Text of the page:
Vinton County Probate Judge Robert Grillo approved without opposition the creation of the Vinton County Park District during a hearing Nov. 12. Motions were officially filed on Nov. 15.
The park district was first proposed by Vinton County Marketing Director Caleb Appleman on behalf of the Vinton County Convention and Visitors Bureau at a county commissioners’ meeting in September. The commissioners then passed Resolution 9-28-21, which served as application to the probate judge to consider a hearing for its creation.
Appleman presented evidence to support that a park district would be to the benefit of the county, and provided plans, concept artwork and letters of support from local organizations. He is also developing a strategic plan that will identify areas of the county where parks would be ideally located to promote economic growth.
The park district will be used as a tool for economic development, capturing some of the more than four million visitors who visit Hocking Hills State Park every year.
“There are beautiful areas of our county away from the existing state parks and forests, but there isn’t much for a visitor to do other than drive past private property,” Appleman said.
“We can use the park district not just to conserve scenic natural areas and historic sites, but to build tourism assets that will provide recreational and educational opportunities.
“If you look at a map of Vinton County, you can clearly see our primary attractions are all located on the edges of the county. Over time, we’re going to fill in the blank spaces on that map with new parks, preserves and trails.”
Authorized under Section 1545 of the Ohio Revised Code, the Vinton County Park District is an independent political subdivision governed by a three-person board of commissioners appointed by the county’s probate judge.
Candidates ideally have backgrounds in natural resources conservation, tourism, or economic development. These persons serve overlapping, three-year terms without compensation.
Judge Grillo appointed Vinton County Commissioners’ Development Department Director Terri Fetherolf, Lake Hope State Park Assistant Park Manager Lori Grupenhof and Moonville Rail Trail Association President Brian Blair. Together, they have extensive experience in tourism and park management, environmental conservation, and economic development.
The board will hire a director to oversee day-to-day operations and represent the board in most matters. The primary functions of the board are to review and approve land acquisitions and financial transactions, assess taxes, implement policies and regulations, and make other decisions as initiated by the director.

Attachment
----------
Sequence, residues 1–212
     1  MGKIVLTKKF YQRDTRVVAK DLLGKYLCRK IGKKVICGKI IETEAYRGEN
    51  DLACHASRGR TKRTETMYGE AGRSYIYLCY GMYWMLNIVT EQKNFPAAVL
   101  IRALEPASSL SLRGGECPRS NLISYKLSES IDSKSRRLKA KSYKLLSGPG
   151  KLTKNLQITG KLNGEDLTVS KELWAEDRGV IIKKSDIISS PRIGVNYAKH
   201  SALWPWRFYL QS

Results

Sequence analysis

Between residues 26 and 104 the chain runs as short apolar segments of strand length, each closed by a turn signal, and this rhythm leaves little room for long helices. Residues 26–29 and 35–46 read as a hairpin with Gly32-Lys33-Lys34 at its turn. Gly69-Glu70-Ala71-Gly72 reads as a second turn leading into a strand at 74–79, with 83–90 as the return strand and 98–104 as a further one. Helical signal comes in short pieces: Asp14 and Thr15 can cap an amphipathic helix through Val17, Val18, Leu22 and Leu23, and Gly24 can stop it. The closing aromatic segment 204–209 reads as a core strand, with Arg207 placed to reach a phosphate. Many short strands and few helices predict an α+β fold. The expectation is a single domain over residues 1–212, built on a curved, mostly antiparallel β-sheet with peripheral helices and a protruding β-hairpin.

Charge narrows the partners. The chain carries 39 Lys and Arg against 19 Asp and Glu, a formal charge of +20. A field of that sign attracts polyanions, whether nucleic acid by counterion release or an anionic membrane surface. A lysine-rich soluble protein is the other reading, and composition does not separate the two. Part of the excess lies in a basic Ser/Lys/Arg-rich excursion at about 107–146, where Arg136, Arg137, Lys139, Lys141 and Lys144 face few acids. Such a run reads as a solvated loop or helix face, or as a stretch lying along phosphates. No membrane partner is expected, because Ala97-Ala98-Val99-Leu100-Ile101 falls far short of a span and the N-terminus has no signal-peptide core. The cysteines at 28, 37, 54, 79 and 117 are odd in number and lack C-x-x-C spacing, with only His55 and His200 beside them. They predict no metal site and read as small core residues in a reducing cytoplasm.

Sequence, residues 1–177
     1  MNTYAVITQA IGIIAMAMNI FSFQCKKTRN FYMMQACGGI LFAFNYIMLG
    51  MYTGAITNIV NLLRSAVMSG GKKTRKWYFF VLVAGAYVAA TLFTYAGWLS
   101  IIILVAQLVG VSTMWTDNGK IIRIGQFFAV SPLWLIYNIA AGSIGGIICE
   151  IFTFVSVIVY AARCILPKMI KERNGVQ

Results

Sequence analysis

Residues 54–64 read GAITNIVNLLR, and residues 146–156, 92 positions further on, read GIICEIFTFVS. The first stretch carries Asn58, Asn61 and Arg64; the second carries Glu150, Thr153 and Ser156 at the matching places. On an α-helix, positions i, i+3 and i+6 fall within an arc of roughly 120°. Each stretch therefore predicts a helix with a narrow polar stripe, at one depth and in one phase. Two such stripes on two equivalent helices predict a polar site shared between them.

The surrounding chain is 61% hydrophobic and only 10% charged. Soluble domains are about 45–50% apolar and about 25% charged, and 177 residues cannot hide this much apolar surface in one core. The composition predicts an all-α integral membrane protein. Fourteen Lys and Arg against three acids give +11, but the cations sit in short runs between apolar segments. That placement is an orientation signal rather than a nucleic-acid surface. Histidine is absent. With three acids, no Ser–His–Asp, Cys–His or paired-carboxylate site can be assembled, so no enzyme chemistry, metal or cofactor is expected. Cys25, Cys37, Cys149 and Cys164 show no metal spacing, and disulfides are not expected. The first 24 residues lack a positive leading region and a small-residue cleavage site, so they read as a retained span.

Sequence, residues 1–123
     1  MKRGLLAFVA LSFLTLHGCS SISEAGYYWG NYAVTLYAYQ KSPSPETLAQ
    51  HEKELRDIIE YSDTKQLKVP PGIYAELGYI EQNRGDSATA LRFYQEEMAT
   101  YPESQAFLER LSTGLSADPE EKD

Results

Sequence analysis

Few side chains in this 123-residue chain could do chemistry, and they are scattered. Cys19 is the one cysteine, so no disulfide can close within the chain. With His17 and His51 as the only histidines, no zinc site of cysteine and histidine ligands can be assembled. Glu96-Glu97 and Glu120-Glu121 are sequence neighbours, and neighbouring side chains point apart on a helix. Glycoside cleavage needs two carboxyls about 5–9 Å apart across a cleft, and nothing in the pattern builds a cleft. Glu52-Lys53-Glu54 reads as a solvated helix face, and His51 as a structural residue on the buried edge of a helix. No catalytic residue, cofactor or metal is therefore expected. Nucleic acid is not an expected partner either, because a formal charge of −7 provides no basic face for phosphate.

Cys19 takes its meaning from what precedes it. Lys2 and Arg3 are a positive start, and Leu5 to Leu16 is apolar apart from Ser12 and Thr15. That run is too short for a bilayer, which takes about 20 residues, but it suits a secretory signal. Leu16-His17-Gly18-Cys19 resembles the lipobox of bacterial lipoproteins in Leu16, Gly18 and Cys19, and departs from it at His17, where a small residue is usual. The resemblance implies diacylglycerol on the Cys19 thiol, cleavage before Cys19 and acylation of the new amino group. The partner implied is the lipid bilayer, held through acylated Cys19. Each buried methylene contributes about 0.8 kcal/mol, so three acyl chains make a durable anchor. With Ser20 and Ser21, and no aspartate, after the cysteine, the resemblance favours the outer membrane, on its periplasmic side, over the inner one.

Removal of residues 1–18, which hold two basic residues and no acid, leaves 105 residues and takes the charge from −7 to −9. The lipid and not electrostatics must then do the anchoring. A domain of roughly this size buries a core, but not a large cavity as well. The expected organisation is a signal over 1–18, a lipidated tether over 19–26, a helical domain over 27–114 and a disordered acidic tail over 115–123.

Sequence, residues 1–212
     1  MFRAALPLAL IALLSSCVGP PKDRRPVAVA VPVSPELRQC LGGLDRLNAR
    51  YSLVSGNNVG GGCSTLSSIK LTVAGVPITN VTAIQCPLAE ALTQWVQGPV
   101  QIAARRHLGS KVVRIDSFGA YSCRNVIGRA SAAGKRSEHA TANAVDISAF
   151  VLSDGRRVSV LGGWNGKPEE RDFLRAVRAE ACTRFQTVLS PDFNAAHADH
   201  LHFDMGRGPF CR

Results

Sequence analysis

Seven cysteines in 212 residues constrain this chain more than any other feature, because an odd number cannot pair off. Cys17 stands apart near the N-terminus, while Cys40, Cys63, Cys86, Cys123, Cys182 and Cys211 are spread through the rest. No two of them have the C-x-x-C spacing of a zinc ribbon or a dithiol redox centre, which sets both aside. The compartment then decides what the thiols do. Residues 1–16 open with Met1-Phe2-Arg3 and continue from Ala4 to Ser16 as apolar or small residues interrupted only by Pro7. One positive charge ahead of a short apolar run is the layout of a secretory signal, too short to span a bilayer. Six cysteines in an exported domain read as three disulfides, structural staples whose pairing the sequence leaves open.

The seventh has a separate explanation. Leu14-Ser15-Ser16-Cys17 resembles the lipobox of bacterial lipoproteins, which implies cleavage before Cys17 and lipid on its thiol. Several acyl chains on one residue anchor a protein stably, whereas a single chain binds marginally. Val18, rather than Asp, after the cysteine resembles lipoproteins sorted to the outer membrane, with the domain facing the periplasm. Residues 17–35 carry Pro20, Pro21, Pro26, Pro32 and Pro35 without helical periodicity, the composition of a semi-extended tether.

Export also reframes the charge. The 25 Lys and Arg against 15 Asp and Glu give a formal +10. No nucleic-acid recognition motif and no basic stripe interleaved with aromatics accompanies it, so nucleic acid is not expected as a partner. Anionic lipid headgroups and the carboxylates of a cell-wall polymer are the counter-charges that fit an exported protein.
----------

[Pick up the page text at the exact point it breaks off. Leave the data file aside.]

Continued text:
Once a meeting location has been determined, the board plans to meet once a month and as needed, with meetings open to the public. Meeting minutes will be publicly available on the park district’s website, www.vintoncountyparks.org.
The mission of the Vinton County Park District is to conserve, protect and enhance the natural and historic resources of Vinton County, while providing quality outdoor recreational and educational opportunities for residents and tourists alike. An explanation of the park district’s vision and core values is available on its website.
Appleman’s strategic plan will outline steps toward achieving the park district’s goals, which include: acquiring and preserving local natural and historic sites; working with Ohio Department of Natural Resources on a plan to reintroduce elk; working with the county and townships to build offroad-friendly trail systems; supporting economic growth in Vinton County.
Some programs that are in early stages of planning include a Historical Marker Program, Community Conservation Corps, and Legacy program to address donations of land and other resources.
“By implementing the park district, we’ve laid a foundation for preserving natural and historic properties in Vinton County that can be tourist attractions,” Appleman said of the park district’s creation.
“This is our county government’s first major step toward taking an active role in transforming our local economy from one based on mining and timber to one based on tourism and outdoor recreation.”
Although the park district will begin without major funding sources in place, the Vinton County Convention and Visitors Bureau will donate funds as needed.
With vandalism and illegal camping at Moonville Tunnel a rising problem, the park district hopes to secure additional financial support from the Moonville Rail Trail Association to hire a park ranger who will cooperate with the sheriff’s office to patrol the rail trail and other park areas. Additional revenue will be generated by vacation cabin rentals, special activity permits, and fines.